Auch

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For the bird, see great auk. For the European surname, possibly a habitational name for early inhabitants, see Auch (name).
Auch
Cathedral
Cathedral
Coat of arms of Auch
Coat of arms
Auch is located in France
Auch
Auch
Coordinates: 43°38′47″N 0°35′08″E / 43.6465°N 0.5855°E / 43.6465; 0.5855Coordinates: 43°38′47″N 0°35′08″E / 43.6465°N 0.5855°E / 43.6465; 0.5855
Country France
Region Midi-Pyrénées
Department Gers
Arrondissement Auch
Intercommunality Grand Auch
Government
 • Mayor (2008–2014) Franck Montaugé
Area
 • Land1 72.48 km2 (27.98 sq mi)
Population (2012)
 • Population2 23,173
 • Population2 density 320/km2 (830/sq mi)
INSEE/Postal code 32013 / 32000
Elevation 115–281 m (377–922 ft)
(avg. 166 m or 545 ft)

1 French Land Register data, which excludes lakes, ponds, glaciers > 1 km² (0.386 sq mi or 247 acres) and river estuaries.

2 Population without double counting: residents of multiple communes (e.g., students and military personnel) only counted once.

Auch (French pronunciation: ​[oʃ]; Gascon: Aush or Aux [aʊʃ]) is a commune in southwestern France. Located in the region of Midi-Pyrénées, it is the capital of the Gers department. Auch is the historical capital of Gascony.

History[edit]

Auch is a very ancient town, whose settlement was noted by the Romans during their conquest of the area in the 50s BC. At that time, it was settled by an Aquitanian tribe known to the Romans as the Ausci. Their name for the town was Climberrum[1] or Elimberris.[2] This has been tentatively etymologized from the Iberian iltir ("town, oppidum") and a cognate of the Basque berri ("new"), although another Iberian settlement in Granada recorded by the Romans as "Iliberi" probably had no contact with proto-Basque speaking peoples.[citation needed] Following their conquest,[when?] the Romans renamed the town Augusta Auscorum or Ausciorum ("Augusta of the Ausci"). Augusta Auscorum was one of the twelve civitates of the province of Novempopulana (Gascony) and became the provincial capital after the 409 destruction of Eauze by the Vandals.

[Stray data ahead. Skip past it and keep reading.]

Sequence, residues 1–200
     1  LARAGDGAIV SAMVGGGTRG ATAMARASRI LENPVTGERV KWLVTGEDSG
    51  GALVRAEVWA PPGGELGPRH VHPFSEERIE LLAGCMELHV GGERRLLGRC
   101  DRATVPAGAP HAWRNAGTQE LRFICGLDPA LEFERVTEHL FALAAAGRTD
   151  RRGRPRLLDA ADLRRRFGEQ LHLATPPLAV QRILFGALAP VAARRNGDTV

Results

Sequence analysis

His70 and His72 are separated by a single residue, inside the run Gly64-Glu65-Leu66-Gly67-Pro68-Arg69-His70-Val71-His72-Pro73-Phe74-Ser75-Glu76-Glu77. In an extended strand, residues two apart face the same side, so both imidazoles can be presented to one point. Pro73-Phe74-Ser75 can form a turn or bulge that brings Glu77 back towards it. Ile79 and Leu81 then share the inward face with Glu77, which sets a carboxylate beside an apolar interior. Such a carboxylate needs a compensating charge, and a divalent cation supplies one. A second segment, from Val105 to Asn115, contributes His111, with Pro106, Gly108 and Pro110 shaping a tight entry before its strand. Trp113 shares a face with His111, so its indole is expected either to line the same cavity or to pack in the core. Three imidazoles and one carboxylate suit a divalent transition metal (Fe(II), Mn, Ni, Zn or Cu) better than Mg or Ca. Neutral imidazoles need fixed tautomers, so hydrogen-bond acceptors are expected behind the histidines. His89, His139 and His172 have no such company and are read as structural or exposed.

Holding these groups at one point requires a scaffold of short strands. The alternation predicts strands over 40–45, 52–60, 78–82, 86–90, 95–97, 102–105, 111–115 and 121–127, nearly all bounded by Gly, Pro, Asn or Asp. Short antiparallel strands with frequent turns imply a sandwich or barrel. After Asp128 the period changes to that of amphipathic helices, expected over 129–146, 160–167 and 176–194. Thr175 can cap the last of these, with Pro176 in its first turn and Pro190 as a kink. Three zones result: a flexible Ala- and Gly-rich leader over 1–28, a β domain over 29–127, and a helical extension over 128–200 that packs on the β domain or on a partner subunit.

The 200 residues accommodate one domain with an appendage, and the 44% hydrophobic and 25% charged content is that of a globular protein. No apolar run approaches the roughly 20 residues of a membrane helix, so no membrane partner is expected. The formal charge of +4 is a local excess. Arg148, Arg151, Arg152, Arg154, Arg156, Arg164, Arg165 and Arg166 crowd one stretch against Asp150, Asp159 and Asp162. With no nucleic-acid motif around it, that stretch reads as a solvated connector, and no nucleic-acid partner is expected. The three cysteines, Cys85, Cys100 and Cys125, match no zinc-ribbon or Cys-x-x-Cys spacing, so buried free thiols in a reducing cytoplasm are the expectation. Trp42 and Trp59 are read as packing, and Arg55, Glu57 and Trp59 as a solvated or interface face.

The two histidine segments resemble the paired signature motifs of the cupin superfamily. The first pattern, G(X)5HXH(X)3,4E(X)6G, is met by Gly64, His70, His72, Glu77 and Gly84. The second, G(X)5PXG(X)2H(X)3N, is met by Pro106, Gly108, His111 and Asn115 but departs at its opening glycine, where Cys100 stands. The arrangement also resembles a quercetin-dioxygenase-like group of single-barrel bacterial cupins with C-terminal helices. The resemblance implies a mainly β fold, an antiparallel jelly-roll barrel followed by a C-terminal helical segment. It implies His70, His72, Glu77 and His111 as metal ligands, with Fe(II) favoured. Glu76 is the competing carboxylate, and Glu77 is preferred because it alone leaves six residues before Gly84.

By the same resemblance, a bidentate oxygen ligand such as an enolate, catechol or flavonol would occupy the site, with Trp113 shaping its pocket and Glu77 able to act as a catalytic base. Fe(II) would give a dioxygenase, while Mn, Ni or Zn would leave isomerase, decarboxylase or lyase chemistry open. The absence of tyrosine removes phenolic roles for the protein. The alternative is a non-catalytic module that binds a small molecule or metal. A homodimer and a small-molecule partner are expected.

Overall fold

The common term Augusta was eventually[when?] dropped and the name evolved into the modern Gascon Aush and French Auch.

The town became the seat of a Catholic archdiocese which lasted until the French Revolution. Its archbishops claimed the title of Primate of Aquitaine, Novempopulana, and Navarre.

Population[edit]

Historical population
Year Pop.   ±%  
1793 8,444 —    
1800 7,696 −8.9%
1806 8,918 +15.9%
1821 9,670 +8.4%
1831 9,801 +1.4%
1841 10,867 +10.9%
1846 12,323 +13.4%
1851 12,141 −1.5%
1856 12,001 −1.2%
1861 11,899 −0.8%
1866 12,500 +5.1%
1872 13,087 +4.7%
1876 13,785 +5.3%
1881 14,186 +2.9%
1886 15,090 +6.4%
1891 14,782 −2.0%
1896 14,838 +0.4%
1901 13,939 −6.1%
1906 13,526 −3.0%
1911 13,638 +0.8%
1921 11,825 −13.3%
1926 12,272 +3.8%
1931 12,567 +2.4%
1936 13,313 +5.9%
1946 15,253 +14.6%
1954 16,382 +7.4%
1962 18,918 +15.5%
1968 21,462 +13.4%
1975 23,185 +8.0%
1982 23,258 +0.3%
1990 23,136 −0.5%
1999 21,838 −5.6%
2008 21,744 −0.4%

Sights[edit]

Auch is known for its Renaissance Cathédrale Sainte-Marie with its magnificent organ, carved stalls and rose stained-glass windows, La Tour d'Armagnac – a 14th-century prison, as well as a statue of d'Artagnan who was based on the real life person, Charles de Batz, Comte d'Artagnan born nearby in the château de Castelmore, and written about by Alexandre Dumas.

Geography[edit]

The River Gers flows through the town.

Transportation[edit]

Auch is well connected to nearby cities and towns such as Agen, Toulouse and Tarbes by Routes Nationales.

Personalities[edit]

Auch was the birthplace of:

See also[edit]

References[edit]

  1. ^ "Auch" in the Encyclopædia Britannica, 9th ed. 1878.
  2. ^ "Auch" in the Encyclopædia Britannica, 11th ed. 1911.

External links[edit]